You Don’t Suck

At my speaking engagement in Toronto this week, I noticed a gentleman really struggle with his Kolbe results.

When he evaluated his results from the workshop I conducted, immediately saw the conflict between who he instinctively was, and what was required of him in his occupation. He was clearly distressed by this thud of realization and didn’t really know what he could do about it.

What am I supposed to do, tell my boss that I suck at creating schedules and planning? Because I can tell you that she will tell me to leave her office and come back with a better answer!” And his anxious conclusion after this realization? “I guess I’m just stuck here, and I’ll have to suck it up.

My first response to him was to change his language about himself. We all have our natural talents – the low hanging fruit - what we know works well for us. Conversely, we will all find ourselves reaching sometimes far beyond our natural “factory settings” and working really hard in order to get a particular task accomplished. 

We all have our own way of working.

Some of us are great planners and organizers, and some of us find our way around the system, or we just want to make it up as we go along. Because you work instinctively one way or the other, does not mean you suck at life, or that you need to suck it up. That kind of self-defeated thinking is like walking into your own prison cell, locking the door, and throwing the key out the window.  

Delving deeper in conversation revealed that he had a person on his team who had the strengths that were required to get the task completed. So, why didn’t he enlist the natural instincts of said team member? The truth was, he didn’t want to let go of control of what he thought he needed to accomplish himself, to let somebody help him. How would that look to his boss? (Isn’t that relatable?) Upon learning that, I provided viable options to him that preserved both his sense of responsibility and his sanity: how technology could give him a hand with structure, or how he could utilize his team member on a part time basis, or how he could get someone else to build the structure around him, so that all he had to do was follow it.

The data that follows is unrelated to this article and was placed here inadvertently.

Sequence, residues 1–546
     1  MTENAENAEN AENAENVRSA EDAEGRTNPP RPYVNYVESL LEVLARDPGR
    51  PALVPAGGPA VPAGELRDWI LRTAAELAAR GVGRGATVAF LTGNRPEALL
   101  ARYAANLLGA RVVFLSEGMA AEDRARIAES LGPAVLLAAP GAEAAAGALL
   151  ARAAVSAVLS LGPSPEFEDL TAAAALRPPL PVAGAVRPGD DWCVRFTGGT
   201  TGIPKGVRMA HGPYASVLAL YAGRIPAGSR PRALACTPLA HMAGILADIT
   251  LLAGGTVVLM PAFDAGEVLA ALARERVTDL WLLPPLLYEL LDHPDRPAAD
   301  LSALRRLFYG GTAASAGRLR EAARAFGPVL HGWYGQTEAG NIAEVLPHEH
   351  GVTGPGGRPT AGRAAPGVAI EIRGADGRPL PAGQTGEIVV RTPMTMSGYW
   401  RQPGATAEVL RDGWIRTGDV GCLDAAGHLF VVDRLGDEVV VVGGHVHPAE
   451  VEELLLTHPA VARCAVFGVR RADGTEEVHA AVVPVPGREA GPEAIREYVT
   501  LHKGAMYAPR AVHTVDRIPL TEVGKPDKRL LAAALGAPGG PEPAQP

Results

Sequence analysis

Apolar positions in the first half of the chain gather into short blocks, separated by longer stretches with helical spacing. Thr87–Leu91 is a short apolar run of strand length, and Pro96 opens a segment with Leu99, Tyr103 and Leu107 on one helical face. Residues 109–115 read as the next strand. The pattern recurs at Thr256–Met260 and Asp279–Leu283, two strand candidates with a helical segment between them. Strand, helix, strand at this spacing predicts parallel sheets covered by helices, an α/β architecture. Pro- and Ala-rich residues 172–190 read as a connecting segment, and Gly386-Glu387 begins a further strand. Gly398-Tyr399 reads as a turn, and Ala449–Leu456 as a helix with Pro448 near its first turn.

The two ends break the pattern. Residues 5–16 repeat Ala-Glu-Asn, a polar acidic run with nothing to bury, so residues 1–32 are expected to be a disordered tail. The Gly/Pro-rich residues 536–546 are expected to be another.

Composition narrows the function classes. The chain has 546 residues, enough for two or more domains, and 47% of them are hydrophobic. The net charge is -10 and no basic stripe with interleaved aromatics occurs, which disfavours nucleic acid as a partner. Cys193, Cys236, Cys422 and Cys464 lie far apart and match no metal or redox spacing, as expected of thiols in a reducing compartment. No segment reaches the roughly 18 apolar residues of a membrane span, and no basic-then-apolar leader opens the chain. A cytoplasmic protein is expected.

Do you know the reason why geese fly together?

A flock of geese fly together because, working in sync, they create a formidable force against the prevailing winds. As they soar in flight they paint a perfect picture of helping one another get to where they need to go. Imagine if a flock of geese held our insecurities and self defeat! No self-respecting (imaginary, talking, stay with me) goose says, “Well, I can’t fly fourth in line, so I guess I won’t fly at all!” The reality is that maybe for some of the trip, he flies tenth with nine other geese in front of him, and for another part of the trip he leads the flock. It depends on what the flock needs at the time, to be successful in their journey. That is the critical take-away from their example: what does the flock need to succeed? 

Bottom line is, we all have strengths, and depending on the job demands, some people have strengths to match the task, and some don’t. It doesn’t mean that you suck. What it means, is that to fulfill your responsibilities, you either have to pull in other resources, do things in smaller quantities of time to save your mental energy (if possible), or take a hard look at the demands of your position and decide if it’s for you or not - unless you have grown quite fond of that prison cell that opens from the inside. 

No one gets out of bed and says “Gee, I sure hope that I do a crappy job today”. If we are part of a flock, we need to fly in front of, behind, or beside each other so that we can support each other on the flight path to success.

We are better together. You don’t suck - you just need a little help from your flock!  

Heather Murphy